The second step is to focus on these products and reach their full potential. This can mean doubling production until the profit ratio falls to normal. Richard Koch told the management of an electronics company that their only goal should be to double the sales of their 3 best products, even if it means ignoring everything else.
Reduce Complexity By Focusing On The Essentials And Economy Of Scale
A study of 39 medium-sized companies found that the least complex companies were in fact the most successful. By selling a narrower range of products with fewer suppliers, they could focus more effectively on their profitable products, allowing them to make higher profits.
Most people think that more generates more and more. Thus, a larger company with a wider range of products should have more profits. This is not always true because it turns out that there are many hidden costs due to complexity.
A wider range of products will require more complex logistics, more training for salespeople and much more administrative work. If these expenses are equal to or even greater than the money that these additional products bring in, these additional products actually have no interest!
Often, a company can do better by focusing on a few important products and acquiring a thorough knowledge of them. This simplifies administrative work and can also lead to significant economies of scale by reducing production costs and thus increased profitability.
The 80/20 Rule Can Be Applied To Everything
Richard Koch points out that the 80/20 Rule is incredibly versatile. It is thus possible to apply it to almost anything. Let us take the example of negotiations. When you negotiate something, instead of trying to defend all the points, you should identify and then target those that matter most to the company and then focus on them rather than defend all the points in a sterile way. Getting the focus on these key points is probably more relevant to you and your company.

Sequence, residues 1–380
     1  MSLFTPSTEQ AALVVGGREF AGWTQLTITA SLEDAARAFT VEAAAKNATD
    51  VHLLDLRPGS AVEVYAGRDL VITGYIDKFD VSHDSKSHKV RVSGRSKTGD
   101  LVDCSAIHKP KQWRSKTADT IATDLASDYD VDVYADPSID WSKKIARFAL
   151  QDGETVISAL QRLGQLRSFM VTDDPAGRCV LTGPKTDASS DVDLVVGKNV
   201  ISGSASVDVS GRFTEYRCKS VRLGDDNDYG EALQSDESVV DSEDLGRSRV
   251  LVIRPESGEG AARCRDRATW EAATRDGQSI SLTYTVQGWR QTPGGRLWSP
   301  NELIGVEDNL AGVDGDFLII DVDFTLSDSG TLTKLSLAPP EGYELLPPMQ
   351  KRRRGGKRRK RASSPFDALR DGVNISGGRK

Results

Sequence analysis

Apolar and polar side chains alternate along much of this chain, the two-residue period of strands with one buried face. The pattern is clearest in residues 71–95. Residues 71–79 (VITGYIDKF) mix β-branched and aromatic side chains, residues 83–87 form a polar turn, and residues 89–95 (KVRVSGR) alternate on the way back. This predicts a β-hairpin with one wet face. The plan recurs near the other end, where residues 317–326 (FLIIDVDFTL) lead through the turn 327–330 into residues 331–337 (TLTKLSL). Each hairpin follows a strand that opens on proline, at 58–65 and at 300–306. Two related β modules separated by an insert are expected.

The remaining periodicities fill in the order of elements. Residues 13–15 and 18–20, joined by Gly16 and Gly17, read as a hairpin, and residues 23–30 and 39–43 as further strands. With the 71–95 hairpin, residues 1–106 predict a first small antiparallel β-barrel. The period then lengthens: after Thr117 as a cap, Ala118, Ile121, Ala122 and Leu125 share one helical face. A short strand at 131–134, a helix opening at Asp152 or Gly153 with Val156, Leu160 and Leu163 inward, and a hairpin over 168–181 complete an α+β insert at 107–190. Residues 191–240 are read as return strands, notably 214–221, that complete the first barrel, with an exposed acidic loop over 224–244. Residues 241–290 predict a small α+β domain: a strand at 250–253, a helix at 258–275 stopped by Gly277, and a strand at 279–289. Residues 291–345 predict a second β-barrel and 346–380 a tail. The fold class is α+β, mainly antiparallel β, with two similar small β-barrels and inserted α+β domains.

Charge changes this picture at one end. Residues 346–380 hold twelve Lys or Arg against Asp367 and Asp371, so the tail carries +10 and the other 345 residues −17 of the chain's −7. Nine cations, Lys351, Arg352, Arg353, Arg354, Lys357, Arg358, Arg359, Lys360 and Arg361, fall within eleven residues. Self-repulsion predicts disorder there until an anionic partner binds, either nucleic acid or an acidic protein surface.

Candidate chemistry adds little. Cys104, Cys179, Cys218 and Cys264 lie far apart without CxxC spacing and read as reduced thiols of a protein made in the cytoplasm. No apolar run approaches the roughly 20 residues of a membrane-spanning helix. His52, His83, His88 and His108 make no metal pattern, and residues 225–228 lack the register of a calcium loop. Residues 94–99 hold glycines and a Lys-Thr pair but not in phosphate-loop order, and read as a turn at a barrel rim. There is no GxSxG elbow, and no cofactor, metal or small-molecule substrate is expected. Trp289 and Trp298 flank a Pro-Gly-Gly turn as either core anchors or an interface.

Marketing is another good target for the Pareto Principle. Focusing on 20% of the customers who generate 80% of your revenue could significantly increase your revenue. Being more loyal to these profitable customers will improve your service offering and allow you to offer them more targeted and relevant customer service.
For Nicholas Barsan, known as one of the best real estate brokers in the U.S., a group of clients selling their homes earn more than one-third of the $1 million he earns in personal commissions each year. Clearly, its strategy focused on these clients is a cost-effective strategy.
This example is just one of many examples of people getting more by focusing on the 20% of what pays the most.
Learn To Think In A Non-Linear Way
To fully benefit from the 80/20 Rule, you must first change your way of thinking. We tend to think in a linear way, assuming that causes and inputs are of equal importance. This is the conventional way of thinking. Children are taught that all their friends are equally important.
Rather, in this scenario, we should, without diminishing anyone’s inherent value, affirm that not all relationships have the same value. A subset of your friends will thus produce the greatest “value” for you. These are, for example, those who bring you the most joy or help you achieve your goals by inspiring and motivating you.
This type of 80/20 thinking is applicable to many areas of your life and can help you go further. It is therefore essential to stop thinking only in a linear way.
Focus Your Efforts On Essential Tasks Is The Key
Instead of adopting a traditional management approach based on time management techniques, it is better to focus on the important things.
When you have identified the 20% that give you the most results, you will already have reached 80% of your results. All you have to do now is reorganize your priorities to target that 20% and always start with the important things. Then, if you have time left, and only if you have time left, you can take care of the remaining tasks.
Thus, you will be able to take benefits from the 80/20 Rule for getting more with less effort in all the domains.